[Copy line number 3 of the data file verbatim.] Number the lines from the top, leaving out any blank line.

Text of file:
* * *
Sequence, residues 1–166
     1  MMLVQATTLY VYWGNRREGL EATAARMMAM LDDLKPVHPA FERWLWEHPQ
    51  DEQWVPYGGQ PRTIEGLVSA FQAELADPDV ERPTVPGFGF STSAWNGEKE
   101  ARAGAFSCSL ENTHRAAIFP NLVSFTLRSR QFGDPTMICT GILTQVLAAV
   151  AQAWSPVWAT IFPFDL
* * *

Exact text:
    51  DEQWVPYGGQ PRTIEGLVSA FQAELADPDV ERPTVPGFGF STSAWNGEKE